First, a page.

Icahn elected to ImClone board, presses for chairman's ousterLast updated: 9/20/2006 7:13:00 PM
BOSTON (MarketWatch) -- Hours after being elected to ImClone Systems Inc.'s board of directors Wednesday, activist investor Carl Icahn issued a scathing public statement demanding that the company's chairman step down.
Despite Icahn's demand, the board re-elected David Kies as chairman.
Earlier, at the company's annual meeting, shareholders of ImClone (IMCL) elected Icahn and two associates -- Neuro3d Chief Executive Charles Woler and Harvard Medical School geneticist Richard Mulligan -- to seats on its board. They join board member Alex Denner, another Icahn supporter.
The elections had been widely expected, as ImClone management had invited Icahn to join the board in August. Icahn, who holds about a 14% stake in the company, reportedly did not attend Wednesday's annual meeting.
Icahn didn't wait long to make waves, issuing a caustic public letter accusing Kies of renewing the contract of Joseph Fischer, ImClone's interim chief executive, without seeking the approval of the new board members. Icahn also blasted Kies for indicating at the annual meeting that he plans to continue as chairman.
"Now that I am becoming a director of ImClone, I am asking you again for the good of ImClone and its stockholders to give up your position," Icahn wrote Kies.
"Given what I consider the sorry record of the company under your watch, it is time for you to step aside and allow someone else to be elected," Icahn added.
In a Wednesday regulatory filing, Kies said the board welcomes "the contribution of our new directors, including Mr. Icahn, in the productive discussion of the many business matters facing the company."
Kies also voiced support for Fischer, and added that decisions are made by a majority vote.
"These decisions are best made by the full, elected board, ideally in a face-to-face meeting, and not through a needlessly antagonistic and deliberately public debate that could risk harming the reputation of the company, undermining employee morale and reducing shareholder value," Kies said in the filing.
Icahn is a longtime critic of Kies and of Fischer, who assumed the position of interim CEO earlier this year. In his letter, Icahn reiterated that he believed Fischer has too little experience in running biotech companies to remain at the helm of ImClone much longer.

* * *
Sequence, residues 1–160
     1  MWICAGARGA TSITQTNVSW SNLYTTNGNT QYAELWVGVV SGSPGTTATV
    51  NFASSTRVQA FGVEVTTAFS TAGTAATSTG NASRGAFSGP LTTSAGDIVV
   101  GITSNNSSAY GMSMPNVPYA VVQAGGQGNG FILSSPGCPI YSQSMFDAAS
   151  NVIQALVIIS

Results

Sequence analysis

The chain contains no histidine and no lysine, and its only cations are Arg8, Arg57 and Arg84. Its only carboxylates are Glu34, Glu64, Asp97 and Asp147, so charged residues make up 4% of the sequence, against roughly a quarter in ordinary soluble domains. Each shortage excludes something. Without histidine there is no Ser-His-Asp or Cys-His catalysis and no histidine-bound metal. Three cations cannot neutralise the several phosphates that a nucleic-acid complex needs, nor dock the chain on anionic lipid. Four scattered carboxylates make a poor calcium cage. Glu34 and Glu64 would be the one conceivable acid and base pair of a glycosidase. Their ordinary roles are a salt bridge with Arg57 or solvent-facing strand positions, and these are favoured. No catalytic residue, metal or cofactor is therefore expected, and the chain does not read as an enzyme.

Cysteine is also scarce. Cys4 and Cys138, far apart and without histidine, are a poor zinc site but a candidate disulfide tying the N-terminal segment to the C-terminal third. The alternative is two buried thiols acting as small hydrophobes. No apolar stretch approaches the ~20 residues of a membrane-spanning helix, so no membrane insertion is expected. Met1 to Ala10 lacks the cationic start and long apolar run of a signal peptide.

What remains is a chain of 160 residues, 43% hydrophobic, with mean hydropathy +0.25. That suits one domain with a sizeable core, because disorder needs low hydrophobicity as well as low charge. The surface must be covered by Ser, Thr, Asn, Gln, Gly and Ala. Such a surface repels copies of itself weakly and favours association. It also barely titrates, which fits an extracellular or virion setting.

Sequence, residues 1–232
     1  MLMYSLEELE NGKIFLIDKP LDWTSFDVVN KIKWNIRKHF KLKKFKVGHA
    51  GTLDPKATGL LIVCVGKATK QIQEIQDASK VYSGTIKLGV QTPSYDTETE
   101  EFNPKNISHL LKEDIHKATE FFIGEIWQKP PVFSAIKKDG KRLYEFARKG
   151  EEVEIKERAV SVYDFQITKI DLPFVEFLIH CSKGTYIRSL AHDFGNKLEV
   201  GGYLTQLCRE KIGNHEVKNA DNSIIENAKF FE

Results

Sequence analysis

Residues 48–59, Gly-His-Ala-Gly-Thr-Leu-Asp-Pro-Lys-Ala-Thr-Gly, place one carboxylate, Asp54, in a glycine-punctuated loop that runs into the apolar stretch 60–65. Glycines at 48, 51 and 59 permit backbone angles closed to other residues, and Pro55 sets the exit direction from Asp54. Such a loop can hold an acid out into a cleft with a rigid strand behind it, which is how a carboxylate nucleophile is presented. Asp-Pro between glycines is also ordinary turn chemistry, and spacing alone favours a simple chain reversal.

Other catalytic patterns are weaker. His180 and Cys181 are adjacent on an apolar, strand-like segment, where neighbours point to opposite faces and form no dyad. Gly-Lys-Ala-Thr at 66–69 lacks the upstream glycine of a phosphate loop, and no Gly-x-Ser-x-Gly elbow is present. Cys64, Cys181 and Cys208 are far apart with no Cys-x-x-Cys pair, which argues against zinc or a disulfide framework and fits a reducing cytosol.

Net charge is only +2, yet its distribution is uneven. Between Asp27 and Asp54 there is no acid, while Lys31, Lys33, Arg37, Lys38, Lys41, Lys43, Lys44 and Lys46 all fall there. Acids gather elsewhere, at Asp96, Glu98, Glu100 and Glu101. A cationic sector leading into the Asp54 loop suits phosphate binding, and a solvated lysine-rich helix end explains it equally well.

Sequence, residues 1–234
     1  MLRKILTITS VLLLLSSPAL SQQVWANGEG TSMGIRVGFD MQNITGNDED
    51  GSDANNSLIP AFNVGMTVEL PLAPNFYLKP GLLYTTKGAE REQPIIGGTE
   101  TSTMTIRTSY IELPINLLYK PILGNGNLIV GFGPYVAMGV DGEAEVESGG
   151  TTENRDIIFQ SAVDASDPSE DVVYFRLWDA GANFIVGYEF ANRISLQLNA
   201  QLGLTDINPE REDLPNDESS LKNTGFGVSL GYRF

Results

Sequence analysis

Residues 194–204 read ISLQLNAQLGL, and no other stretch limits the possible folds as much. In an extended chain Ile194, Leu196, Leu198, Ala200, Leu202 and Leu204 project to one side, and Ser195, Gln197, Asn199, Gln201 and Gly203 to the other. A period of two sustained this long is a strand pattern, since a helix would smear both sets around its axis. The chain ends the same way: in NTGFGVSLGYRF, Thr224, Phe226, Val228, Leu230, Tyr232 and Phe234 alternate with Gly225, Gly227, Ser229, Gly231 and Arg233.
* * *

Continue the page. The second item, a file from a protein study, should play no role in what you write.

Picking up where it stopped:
Icahn also warned the chairman that if he didn't step down, "you will have thrown down the gauntlet and we will have to react accordingly."
Shares of ImClone closed up 1.2% at $29.50 on Wednesday.
Latest twist in ImClone saga
ImClone was an obscure biotech company until 2001, when then-CEO Sam Waksal and his friend, lifestyle maven Martha Stewart, were accused of illegally trading in ImClone shares amid talk that its lead drug, Erbitux, would be rejected by regulators. Both later served time in jail for the incident, along with Stewart's broker.
Since that time, ImClone has gone through a series of CEOs.
And while it did eventually win regulatory approval for Erbitux for the treatment of colon cancer, the drug has been facing increased competition. Of late, ImClone investors have been particularly fearful of a rival drug being developed by biotech giant Amgen (AMGN) .
A self-proclaimed activist investor, Icahn has historically pushed for corporate reform, include the sale of assets, in companies he is invested in, with the aim of increasing shareholder value.
Icahn also attacked ImClone management for not effectively pursuing additional clinical trials for Erbitux in order to get the drug approved to treat more conditions, thereby expanding its market potential.
Approved in February 2004, Erbitux is ImClone's primary revenue driver. Sales of the drug, which ImClone splits with partner Bristol-Myers Squibb (BMY) , amounted to $413 million in 2005.
Bristol-Myers already holds a substantial stake in the company. Over the years, many investors had hoped Bristol-Myers might buy ImClone outright. However, such hopes have waned in recent months as the drug manufacturer battles to maintain patent protection for its primary revenue driver, the blood-thinning Plavix. Bristol-Myers markets Plavix with European partner Sanofi-Aventis (SNY) .
Meanwhile, ImClone announced in January that it was open to being acquired. But the company took itself off the market in August, stating that the bids it had received were too low.
ImClone's problems have also been compounded by two ongoing patent battles over Erbitux.
On Monday, a U.S. District Court in Manhattan ruled that three scientists from Israel's Yeda Research & Development Co. are the original inventors of the technology described in a key Erbitux patent.
ImClone licenses the technology from Sanofi-Aventis, which has also claimed to be the inventor. Yeda is associated with Israel's Weizmann Institute.
Despite the ruling, ImClone said earlier this week that it does not believe the decision will have an adverse material impact on its operations in the immediate future. ImClone added it intends to appeal the decision.
ImClone's also being sued for patent infringement by Repligen Corp. (RGEN) and the Massachusetts Institute of Technology over technology used to make Erbitux.
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